By Adriana Randolph. 6th Grade Math. Published at Tuesday, December 08th, 2020 - 23:24:22 PM.
Her fathers decision to educate sons rather than invest in a daughter who would eventually marry ended mothers future in the academic world. She, however, had acquired an education that would jumpstart my learning experience. Mother used to prepare a small portion of the ground outside the mud structure we called our house and used it as blackboard or writing pad to teach me A-B-Cs, 1-2-3s, and simple words. If there was wind, class was cancelled. If it rained, it was an holiday. She taught me stories and listened to my childish stories. But in that basic existence, mother passed on to me what I now do in my calling as speaker, writer and seminar leader.
Minding the poor-I can never recall a day mother was not helping someone in need. We had our meals with strangers and relatives in even worse condition than we were. She was always giving, if not food to the hungry, it was her handbag or clothes to those who wanted to venture beyond our village. Having a rare kind of hope-There is a hope that can only come where logical reasoning ends. In basic surveys that I conduct in my seminars, I have found that the most feared experience by parents is the death of their child. Mother lost three sons and two daughters. Yet she still has peace of mind and hope for a better tomorrow.
Day 3 I recap the process they have been through over the past couple of days. I set some boundaries and expectations for the conversation we are about to have. Respect Gets Respect is our mantra. What happens next is amazing. Giggly is long gone, replaced with a real desire to listen, learn and understand. A valuable conversation ensues. Every once in a while the kids need to be redirected and reminded about the boundaries. Good facilitation is the key... and I am great at that. And practicing new skills makes perfect... which is exactly what the kids are doing. Lots and lots of great questions. To be honest, the kids ask the kinds of questions that many adults strive to sort out in their own efforts to understand and appreciate gender differences. A significant amount of time was spent on the theme, "Why cant they be more like us?" The boys wanted the girls to be more like them. The girls wanted the boys to be more like them.
Douglass Academy traces its origin to 1869 when it opened for the children of freed African-American slaves in what is now downtown San Antonio. In 1902 it was named for the anti-slavery orator and statesman. The school was relocated as a high school to its present site in 1915. It became a junior high in 1932. Beginning in 1970 Douglass served as a school for grades 3 through 5. In 2002 while students attended the former Burnet Elementary campus on Barrera St. the school expanded to include pre-kindergarten through 2nd grade. In 2004 6th grade was added making the school a pre-kindergarten through 6th grade academy. Students and staff returned to their original campus when the construction project was completed in August.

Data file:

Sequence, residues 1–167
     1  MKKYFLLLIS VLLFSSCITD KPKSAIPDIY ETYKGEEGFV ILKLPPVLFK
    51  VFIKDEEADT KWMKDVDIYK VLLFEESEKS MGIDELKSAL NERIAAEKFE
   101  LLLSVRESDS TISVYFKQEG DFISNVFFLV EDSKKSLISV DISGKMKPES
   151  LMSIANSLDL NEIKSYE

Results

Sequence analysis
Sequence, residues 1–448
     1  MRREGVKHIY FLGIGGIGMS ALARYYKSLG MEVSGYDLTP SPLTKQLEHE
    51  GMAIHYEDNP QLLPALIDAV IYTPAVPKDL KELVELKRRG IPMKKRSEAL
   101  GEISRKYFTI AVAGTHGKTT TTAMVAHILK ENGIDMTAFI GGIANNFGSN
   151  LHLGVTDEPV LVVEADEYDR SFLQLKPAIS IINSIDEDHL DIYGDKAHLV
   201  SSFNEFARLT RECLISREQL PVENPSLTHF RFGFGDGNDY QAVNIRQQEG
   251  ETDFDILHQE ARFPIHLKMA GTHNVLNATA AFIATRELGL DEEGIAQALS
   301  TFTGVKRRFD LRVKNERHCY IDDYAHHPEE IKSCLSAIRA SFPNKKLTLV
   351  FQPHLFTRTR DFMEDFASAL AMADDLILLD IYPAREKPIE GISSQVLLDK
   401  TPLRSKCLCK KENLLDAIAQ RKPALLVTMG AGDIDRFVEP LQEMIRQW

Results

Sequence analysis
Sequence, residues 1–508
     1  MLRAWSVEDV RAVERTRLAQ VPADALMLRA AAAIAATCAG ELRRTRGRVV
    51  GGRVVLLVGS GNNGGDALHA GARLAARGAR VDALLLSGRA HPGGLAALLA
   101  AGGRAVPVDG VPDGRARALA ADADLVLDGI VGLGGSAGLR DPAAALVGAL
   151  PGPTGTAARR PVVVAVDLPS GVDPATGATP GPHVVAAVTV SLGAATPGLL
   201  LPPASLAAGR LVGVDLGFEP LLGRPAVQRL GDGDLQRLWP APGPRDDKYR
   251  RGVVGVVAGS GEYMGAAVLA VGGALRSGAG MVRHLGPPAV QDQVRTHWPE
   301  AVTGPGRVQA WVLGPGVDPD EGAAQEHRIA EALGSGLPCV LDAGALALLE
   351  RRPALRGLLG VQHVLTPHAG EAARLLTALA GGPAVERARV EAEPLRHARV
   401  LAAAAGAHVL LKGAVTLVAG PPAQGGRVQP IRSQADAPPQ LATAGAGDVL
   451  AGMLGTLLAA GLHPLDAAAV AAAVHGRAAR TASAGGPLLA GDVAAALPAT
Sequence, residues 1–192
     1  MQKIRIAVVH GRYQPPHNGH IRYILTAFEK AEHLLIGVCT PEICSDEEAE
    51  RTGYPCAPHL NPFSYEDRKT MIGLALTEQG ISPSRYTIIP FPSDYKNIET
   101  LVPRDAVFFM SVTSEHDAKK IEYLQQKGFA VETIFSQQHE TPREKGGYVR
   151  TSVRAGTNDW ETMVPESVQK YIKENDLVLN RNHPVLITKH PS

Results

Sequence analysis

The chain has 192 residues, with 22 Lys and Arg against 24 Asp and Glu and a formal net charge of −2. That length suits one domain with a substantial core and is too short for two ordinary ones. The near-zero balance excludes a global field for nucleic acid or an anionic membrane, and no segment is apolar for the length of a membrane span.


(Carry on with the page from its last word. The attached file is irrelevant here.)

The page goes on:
After their set, the 7th grade took the stage. They played more difficult music, had fewer missed notes and longer stretches that they played in unison. You could hear the difference a lot more hours of hard work made. Next up was the 8th grade. After 3 years of playing together, they played more complex arrangements and sounded ready to move on to the high school level. The growth from 6th to 7th to 8th grade was an interesting process to observe. So, what does this have to do with business? When we started our personal property inventory service years ago, we missed a lot of beats. We (my husband and I) werent often in sync with each other and had to start over many times while creating our processes and procedures. The same when we created our turnkey business package (a business to help others start their own personal property inventory business). Do-overs were the norm for a while. But now, after practicing, working together, stretching ourselves into bigger and better, we play a pretty sweet tune.
How, you may ask, does an assignment like this turn children into productive individuals? The answer is -- by teaching them to be responsible, dedicated, and organized. All this comes from completing a 6th grade science project. The intricacies involved in finding the best topic for a 6th grade science project can feel limitless, and overwhelming, but keep in mind that in keeping with the age group for a 6th grade science project, you will only have a limited amount of in depth coverage required. This makes it somewhat easier on you, the parent, to encourage your child(ren) as they reach each milestone on the way to completing their 6th grade science project.
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